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Structural Diversity and Function of Xyloglucan Sidechain Substituents
AbstractXyloglucan (XyG) is a hemicellulose found in the cell walls of all land plants including early-divergent groups such as liverworts, hornworts and mosses. The basic structure of XyG, a xylosylated glucan, is similar in all of these plants but additional substituents can vary depending on plant family, tissue, and developmental stage. A comprehensive list of known XyG sidechain substituents is assembled including their occurrence within plant families, thereby providing insight into the evolutionary origin of the various sidechains. Recent advances in DNA sequencing have enabled comparative genomics approaches for the identification of XyG biosynthetic enzymes in Arabidopsis thaliana as well as in non-model plant species. Characterization of these biosynthetic genes not only allows the determination of their substrate specificity but also provides insights into the function of the various substituents in plant growth and development.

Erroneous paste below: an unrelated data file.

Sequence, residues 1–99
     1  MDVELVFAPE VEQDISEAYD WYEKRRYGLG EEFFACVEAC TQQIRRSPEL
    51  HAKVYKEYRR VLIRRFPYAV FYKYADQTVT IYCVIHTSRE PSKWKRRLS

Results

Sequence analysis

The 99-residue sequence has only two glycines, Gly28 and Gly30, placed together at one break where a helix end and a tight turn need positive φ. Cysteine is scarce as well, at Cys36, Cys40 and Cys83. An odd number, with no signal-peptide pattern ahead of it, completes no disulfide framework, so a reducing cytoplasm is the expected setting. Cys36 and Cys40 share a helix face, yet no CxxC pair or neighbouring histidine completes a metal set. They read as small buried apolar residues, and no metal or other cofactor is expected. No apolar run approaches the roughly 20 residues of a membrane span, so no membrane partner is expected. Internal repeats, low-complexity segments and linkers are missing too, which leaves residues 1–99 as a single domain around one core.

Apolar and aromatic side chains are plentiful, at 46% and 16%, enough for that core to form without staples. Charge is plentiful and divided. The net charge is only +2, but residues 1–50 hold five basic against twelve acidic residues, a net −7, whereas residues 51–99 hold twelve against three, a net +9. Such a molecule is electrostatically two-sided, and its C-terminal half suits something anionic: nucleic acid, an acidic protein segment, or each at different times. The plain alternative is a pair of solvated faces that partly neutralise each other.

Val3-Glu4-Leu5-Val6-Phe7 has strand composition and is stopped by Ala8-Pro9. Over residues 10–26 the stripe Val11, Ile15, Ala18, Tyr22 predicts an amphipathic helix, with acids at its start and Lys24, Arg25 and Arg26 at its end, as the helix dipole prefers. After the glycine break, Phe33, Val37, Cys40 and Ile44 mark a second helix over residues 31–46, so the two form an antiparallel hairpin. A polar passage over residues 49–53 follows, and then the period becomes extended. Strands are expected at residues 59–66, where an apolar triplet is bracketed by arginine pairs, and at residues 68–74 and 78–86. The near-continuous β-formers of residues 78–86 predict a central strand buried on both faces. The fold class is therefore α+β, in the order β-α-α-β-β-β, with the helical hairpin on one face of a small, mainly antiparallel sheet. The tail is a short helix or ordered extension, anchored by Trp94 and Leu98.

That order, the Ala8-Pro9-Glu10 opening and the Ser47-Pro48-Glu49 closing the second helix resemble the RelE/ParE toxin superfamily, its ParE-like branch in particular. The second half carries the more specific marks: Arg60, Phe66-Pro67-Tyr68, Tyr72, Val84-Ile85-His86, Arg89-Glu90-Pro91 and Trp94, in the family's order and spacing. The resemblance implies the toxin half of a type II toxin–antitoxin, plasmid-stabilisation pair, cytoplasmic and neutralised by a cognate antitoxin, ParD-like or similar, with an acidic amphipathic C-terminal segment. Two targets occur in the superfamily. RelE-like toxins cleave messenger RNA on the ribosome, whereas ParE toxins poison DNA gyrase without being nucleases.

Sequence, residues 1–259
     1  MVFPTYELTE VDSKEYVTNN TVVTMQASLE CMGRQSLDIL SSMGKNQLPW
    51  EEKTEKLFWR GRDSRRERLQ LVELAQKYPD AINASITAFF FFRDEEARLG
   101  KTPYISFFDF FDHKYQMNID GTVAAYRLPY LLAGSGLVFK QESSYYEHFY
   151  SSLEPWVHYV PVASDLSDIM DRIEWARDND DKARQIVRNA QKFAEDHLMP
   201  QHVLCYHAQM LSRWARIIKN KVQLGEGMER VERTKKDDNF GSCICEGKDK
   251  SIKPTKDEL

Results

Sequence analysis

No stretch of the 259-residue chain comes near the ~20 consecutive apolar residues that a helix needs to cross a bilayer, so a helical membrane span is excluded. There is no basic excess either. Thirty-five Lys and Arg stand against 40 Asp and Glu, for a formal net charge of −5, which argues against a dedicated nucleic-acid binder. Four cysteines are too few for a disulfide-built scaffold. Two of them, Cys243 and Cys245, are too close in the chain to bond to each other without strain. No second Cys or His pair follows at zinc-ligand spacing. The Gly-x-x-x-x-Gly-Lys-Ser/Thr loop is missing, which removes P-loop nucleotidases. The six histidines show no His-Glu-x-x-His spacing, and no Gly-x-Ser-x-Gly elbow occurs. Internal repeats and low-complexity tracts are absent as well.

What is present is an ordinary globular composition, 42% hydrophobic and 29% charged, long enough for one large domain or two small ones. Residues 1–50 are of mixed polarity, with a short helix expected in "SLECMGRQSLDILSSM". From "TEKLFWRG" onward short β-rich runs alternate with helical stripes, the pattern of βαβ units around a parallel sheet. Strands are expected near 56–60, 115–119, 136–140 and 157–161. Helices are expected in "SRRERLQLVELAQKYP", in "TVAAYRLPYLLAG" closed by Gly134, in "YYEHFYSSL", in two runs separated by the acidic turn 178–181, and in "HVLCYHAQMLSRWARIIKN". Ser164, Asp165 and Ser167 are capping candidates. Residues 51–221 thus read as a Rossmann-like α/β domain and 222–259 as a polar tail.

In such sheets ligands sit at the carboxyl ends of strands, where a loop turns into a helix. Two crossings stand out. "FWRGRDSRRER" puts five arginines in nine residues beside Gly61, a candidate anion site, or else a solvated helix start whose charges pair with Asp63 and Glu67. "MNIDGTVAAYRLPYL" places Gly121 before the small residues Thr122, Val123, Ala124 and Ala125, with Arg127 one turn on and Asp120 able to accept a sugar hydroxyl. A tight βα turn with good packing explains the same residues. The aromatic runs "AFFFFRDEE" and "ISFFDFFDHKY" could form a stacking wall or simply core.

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Schultink, A.; Liu, L.; Zhu, L.; Pauly, M. Structural Diversity and Function of Xyloglucan Sidechain Substituents. Plants 2014, 3, 526-542.View more citation formats
Schultink A, Liu L, Zhu L, Pauly M. Structural Diversity and Function of Xyloglucan Sidechain Substituents. Plants. 2014; 3(4):526-542.Chicago/Turabian Style
Schultink, Alex; Liu, Lifeng; Zhu, Lei; Pauly, Markus. 2014. "Structural Diversity and Function of Xyloglucan Sidechain Substituents." Plants 3, no. 4: 526-542.
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